Cannabis for churchgoers

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Cannabis, for some Christians, can be a conundrum.

Scripture makes no explicit reference to cannabis, nor implied acknowledgment of the plant’s existence. Yet there’s plenty in the Bible that can speak to the role of cannabis in health care, family life, society and spirituality, say two local pastors who delved into the subject and explained their interpretation in a new book.

“I think it’s important to have a healthy conversation about it,” says pastor Charlie Granade of Grace Baptist Church in Rogue River.

Sparking the conversation is “Jesus and Mary (Jane),” which Granade researched and co-wrote with pastor Barnabas Sprinkle, formerly of Southern Oregon. The self-published, 191-page book was released in June and is available on Amazon for $14.99, as well as at Grace Baptist. The subtitle “Navigating Marijuana & Cannabis in Light of Science and Scripture” has appeal beyond Christian congregations, says Granade, and hopefully will provide inroads for anyone inclined to dismiss church and cannabis as incompatible.

“We’ve really tried to not make it about liberal versus conservative,” says Granade, adding that he falls in the latter group while his co-author, who pastored Westminster Presbyterian Church in Medford for eight years, leans more toward the former.

“He started with more concern, and I started more permissive,” says Sprinkle, of New Jersey. “We both learned a lot and met somewhere kind of in the middle.”

Educating himself about cannabis, says Granade, was the project’s initial purpose. Lacking personal experience with marijuana upon arriving in Southern Oregon from Alabama, Granade found his church surrounded by cannabis farming operations and its congregation inclusive of members who “grow it, sell it and smoke it,” including for medical reasons.

“I know CBD is a great thing for a lot of folks,” he says, adding that he believes cannabis’ treatment of health conditions is more widespread in Christian congregations than members’ disclosures would indicate.

“People are afraid of what they don’t understand,” says Sprinkle, explaining his disappointment that anyone using cannabis for medical reasons would feel shamed into hiding it from their faith community.

Recreational enjoyment, however, constitutes the majority of cannabis use — about 83%, says Granade. And the detriment to children’s developing brains is the key point of the book’s first chapter, titled “What’s the Harm?”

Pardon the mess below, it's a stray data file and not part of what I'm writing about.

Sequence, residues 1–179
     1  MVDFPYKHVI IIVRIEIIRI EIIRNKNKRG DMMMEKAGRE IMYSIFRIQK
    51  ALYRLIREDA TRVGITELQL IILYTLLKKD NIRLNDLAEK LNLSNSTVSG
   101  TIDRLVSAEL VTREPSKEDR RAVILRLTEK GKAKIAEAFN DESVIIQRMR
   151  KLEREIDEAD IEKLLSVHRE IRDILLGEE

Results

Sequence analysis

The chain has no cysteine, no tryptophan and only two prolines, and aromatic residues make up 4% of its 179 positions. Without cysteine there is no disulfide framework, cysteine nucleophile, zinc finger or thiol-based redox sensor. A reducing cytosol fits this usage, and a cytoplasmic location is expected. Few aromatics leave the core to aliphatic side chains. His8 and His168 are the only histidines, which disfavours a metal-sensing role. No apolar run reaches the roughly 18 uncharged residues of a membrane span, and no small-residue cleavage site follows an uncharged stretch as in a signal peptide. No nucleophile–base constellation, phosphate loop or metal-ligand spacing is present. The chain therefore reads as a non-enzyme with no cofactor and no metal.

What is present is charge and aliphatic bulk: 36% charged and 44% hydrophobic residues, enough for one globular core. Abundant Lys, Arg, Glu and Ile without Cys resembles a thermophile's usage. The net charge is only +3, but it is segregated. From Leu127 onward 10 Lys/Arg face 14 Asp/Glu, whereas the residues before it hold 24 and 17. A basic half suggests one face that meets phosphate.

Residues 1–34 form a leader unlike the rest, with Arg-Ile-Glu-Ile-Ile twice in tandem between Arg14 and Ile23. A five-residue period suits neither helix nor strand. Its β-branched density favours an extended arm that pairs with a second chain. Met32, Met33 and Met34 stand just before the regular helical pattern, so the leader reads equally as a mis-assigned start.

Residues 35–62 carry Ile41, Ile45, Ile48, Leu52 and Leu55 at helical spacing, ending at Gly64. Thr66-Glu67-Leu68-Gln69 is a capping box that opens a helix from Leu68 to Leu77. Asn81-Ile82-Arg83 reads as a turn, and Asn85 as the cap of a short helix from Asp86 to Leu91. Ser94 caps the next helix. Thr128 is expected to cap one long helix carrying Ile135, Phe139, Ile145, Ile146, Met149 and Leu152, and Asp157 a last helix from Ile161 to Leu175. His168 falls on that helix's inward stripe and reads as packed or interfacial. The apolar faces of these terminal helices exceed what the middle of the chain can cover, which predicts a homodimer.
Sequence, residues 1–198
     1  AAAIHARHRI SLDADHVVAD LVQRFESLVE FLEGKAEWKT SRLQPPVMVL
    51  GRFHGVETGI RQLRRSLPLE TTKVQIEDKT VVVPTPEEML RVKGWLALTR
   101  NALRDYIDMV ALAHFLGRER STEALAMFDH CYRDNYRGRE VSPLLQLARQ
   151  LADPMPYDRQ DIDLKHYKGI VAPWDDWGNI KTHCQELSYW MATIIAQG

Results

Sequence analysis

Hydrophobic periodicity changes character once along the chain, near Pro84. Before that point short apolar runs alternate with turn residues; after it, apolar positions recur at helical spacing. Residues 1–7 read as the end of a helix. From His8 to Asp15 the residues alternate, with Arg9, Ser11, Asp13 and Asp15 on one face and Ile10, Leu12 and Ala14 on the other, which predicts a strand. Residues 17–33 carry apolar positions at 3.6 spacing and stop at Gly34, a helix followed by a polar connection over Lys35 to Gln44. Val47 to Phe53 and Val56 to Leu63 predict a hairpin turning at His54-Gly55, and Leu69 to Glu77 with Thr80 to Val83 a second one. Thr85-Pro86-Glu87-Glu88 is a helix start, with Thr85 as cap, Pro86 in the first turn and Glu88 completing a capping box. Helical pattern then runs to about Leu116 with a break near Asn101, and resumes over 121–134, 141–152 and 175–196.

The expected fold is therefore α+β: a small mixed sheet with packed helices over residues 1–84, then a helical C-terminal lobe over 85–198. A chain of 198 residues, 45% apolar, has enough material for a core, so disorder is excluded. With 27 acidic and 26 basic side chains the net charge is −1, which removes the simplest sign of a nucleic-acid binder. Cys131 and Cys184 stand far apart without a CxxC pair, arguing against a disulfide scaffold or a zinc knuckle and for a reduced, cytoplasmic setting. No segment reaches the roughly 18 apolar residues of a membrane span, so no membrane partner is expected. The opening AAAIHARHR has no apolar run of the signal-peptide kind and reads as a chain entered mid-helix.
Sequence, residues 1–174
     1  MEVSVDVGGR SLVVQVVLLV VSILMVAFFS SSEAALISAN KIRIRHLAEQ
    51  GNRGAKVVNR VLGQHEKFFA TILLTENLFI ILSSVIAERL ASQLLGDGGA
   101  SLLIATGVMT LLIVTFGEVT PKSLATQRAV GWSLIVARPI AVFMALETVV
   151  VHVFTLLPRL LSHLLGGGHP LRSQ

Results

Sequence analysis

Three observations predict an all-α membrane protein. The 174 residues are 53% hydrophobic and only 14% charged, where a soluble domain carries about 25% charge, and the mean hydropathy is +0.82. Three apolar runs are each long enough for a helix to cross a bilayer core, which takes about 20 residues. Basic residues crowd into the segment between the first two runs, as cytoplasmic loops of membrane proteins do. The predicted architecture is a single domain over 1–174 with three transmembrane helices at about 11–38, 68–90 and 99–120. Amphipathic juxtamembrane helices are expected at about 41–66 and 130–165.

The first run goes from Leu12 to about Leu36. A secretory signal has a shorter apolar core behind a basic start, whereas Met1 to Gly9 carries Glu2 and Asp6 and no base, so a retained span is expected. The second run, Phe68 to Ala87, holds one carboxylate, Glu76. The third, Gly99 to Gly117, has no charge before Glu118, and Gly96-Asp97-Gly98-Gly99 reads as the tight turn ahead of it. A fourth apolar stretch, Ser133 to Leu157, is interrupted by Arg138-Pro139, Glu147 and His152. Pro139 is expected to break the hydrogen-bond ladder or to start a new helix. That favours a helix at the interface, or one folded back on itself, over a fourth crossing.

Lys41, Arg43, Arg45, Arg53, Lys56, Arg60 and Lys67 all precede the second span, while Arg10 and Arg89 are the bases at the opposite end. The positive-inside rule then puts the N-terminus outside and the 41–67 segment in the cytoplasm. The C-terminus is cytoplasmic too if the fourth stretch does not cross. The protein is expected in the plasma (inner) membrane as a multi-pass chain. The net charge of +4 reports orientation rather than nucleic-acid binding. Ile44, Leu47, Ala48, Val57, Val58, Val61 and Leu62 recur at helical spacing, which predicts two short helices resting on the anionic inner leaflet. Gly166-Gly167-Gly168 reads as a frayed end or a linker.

Whether it’s a reduction in IQ or significant psychological disorders, the toll on teen cannabis users is well-documented, say Granade and Sprinkle. The impacts of secondhand smoke on younger children also are cited, along with illnesses linked to vaping.

“I kind of assumed cannabis had been the same plant for thousands of years, and — wow, that’s not true,” says Sprinkle, speaking of potency and potential for contamination from industrial farming and processing methods. Cannabis, he says, suffers from being illegal instead of being extensively studied.

“It’s sad to me that we know too little,” says Sprinkle, who holds a degree in physics and characterizes his as a “science-minded family.”
“God creates something good, and then humans do something else with it.”

Both the public and the cannabis industry, the pastors conclude, would benefit from more FDA regulation. Conducting his research primarily at Southern Oregon University, Granade consulted domestic and international sources beyond “big pharma.”

“We’ve even quoted from Leafly,” says Granade of a popular cannabis consumer website.

Quoting from scripture is prevalent throughout Part II of the book. In response to the question: “Is smoking pot a sin?” the authors respond with an exploration of defining sin, why sin matters and how God’s plan remedies sin. The next six chapters rest on the foundation of the gospel and, at the end of each, pose questions for small group discussion or self-study.

Ultimately, readers — Christian, secular and cannabis users all — should ask themselves if their choices are serving their “abundant life.”

“Sometimes seeking escape gets in the way of seeking true abundance,” says Sprinkle. “What God offers us is not a way of escape.”

“Anything can be used to try to fill that void,” adds Granade, citing alcohol, the Internet or humanity’s myriad other distractions and indulgences.

Cannabis as an introduction to the occult is chronicled in one of the book’s passages, narrated by one of several people the pastors interviewed. Drug use as a fun pastime became a nightmare for this man, who says he nearly suffered a psychotic break. The pastors venture that numerous other sources, from historical texts to modern articles in the mainstream media, confirm a connection between drugs and the “risk for demonic bondage.”

On the other end of the spectrum, the pastors decry any notion that cannabis or counterparts that shift consciousness could enhance one’s spirituality. There’s no record or tradition of either Jews or Christians using mind-altering substances to enter a spirit realm, as adherents to some other religions do, says Sprinkle. The everyday awareness that God granted humankind is ideal for worshipping him, he adds.

“He meets us there,” says Sprinkle.

“God wants us to have a truly abundant life,” he adds. “And we don’t need substances to have that.”

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